The Insulating Properties of Silica Nanoparticles
Researchers in nanotechnology labs are exploring use of silica nanoparticles to make lighter weight, more effective insulators for your home, electronic components, clothing, and even spacecraft. Nanotech researchers with a healthcare focus are looking at silica nanoparticles for drug delivery as well.
Silica, or silicon dioxide, is the same material used to make glass. In nature, silica makes up quartz and the sand you walk on at the beach. Unlike metals such as gold and iron, silica is a poor conductor of both electrons and heat. Despite these limitations, silica (silicon oxide) nanoparticles form the framework of silica aerogels.
Silica aerogels are composed of silica nanoparticles interspersed with nanopores filled with air. As a result, this substance is mostly made up of air. Because air has very low thermal conductivity and silica has low thermal conductivity, they are great materials to use in insulators. These properties make nano aerogels one of the best thermal insulators known to man.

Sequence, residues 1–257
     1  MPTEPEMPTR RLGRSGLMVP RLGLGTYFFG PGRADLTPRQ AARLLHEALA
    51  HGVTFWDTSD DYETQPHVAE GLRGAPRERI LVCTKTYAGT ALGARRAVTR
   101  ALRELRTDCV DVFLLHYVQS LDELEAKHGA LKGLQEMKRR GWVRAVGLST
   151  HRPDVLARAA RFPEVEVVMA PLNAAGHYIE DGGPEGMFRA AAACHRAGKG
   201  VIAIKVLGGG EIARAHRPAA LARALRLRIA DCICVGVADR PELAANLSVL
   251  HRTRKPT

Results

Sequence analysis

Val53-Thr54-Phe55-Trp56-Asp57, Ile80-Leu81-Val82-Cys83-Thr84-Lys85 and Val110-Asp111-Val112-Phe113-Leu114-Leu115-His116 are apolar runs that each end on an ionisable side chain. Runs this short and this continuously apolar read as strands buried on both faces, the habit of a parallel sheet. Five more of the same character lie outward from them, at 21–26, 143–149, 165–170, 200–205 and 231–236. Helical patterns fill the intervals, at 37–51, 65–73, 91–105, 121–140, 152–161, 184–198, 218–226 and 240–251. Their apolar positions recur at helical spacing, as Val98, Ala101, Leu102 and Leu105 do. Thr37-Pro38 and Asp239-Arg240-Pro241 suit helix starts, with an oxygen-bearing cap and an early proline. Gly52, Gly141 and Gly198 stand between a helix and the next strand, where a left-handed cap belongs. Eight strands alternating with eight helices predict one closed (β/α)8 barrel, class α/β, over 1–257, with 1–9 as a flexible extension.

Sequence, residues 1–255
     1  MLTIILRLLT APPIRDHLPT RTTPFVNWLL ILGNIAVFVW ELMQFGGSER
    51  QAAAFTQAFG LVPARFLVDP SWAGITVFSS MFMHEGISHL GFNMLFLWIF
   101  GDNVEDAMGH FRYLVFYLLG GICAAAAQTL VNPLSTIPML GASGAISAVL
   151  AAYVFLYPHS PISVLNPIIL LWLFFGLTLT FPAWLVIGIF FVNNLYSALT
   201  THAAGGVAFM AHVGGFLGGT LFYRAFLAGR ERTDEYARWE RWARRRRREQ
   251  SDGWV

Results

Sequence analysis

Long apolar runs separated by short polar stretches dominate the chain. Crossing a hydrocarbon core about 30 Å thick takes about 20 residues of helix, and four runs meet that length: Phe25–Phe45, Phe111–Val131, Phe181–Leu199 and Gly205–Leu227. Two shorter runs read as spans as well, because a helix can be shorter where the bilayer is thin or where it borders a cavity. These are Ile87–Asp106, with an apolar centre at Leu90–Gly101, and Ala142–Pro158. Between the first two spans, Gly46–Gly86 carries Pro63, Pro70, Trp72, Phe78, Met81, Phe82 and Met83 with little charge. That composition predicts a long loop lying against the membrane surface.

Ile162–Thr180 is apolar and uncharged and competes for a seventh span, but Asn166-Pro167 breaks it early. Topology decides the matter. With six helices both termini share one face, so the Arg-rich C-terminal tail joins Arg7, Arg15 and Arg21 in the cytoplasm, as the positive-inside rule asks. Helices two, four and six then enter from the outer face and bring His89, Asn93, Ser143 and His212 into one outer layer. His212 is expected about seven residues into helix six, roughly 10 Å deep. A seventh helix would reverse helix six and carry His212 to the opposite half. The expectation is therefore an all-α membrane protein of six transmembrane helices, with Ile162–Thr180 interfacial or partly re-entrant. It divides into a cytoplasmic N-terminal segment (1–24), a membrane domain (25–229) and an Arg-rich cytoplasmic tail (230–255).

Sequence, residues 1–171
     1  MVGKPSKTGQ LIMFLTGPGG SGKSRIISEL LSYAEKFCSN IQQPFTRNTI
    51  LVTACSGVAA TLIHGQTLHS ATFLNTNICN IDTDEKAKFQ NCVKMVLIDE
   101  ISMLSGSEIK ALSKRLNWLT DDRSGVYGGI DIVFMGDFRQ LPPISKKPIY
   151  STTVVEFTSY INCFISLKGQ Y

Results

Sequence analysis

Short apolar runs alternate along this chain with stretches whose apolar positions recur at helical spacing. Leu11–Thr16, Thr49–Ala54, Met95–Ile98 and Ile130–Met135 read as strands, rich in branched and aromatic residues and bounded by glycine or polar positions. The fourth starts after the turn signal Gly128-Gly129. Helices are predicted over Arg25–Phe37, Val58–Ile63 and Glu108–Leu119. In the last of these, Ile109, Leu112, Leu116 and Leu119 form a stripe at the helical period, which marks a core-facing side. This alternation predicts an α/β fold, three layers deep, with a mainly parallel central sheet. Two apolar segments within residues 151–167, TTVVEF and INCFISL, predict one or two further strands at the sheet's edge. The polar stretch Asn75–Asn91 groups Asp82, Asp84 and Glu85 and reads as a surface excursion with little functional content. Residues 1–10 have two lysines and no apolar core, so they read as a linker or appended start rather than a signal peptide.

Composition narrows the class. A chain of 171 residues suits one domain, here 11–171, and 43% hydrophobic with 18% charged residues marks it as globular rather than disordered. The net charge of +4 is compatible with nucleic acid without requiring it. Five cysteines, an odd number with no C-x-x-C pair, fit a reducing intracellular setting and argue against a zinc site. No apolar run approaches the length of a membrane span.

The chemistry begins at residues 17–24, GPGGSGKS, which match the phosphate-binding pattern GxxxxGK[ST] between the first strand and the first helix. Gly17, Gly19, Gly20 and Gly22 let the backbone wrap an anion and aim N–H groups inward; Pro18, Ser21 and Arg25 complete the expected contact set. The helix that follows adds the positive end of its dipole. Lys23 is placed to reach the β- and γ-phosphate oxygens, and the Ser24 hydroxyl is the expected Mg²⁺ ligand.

You can also functionalize silica nanoparticles by bonding molecules to a nanoparticle that also is able to bond to another surface, such as a cotton fiber. The functionalized silica nanoparticles attach to the cotton fiber and form a rough surface that is hydrophobic (water repellent), giving an effect similar to the water repellency of lotus leaves.
Another type of silica nanoparticle is riddled with nanoscale pores. Researchers are developing drug delivery methods where therapeutic molecules stored inside the pores are slowly released in a diseased region of the body, such as near a cancer tumor.
Silicon dioxide nanofilms, a layer of silicon dioxide molecules that can be as thin as 1 nm, are used to provide electrical insulation between two parts of a device, such as a transistor. This method is used in making computer chips.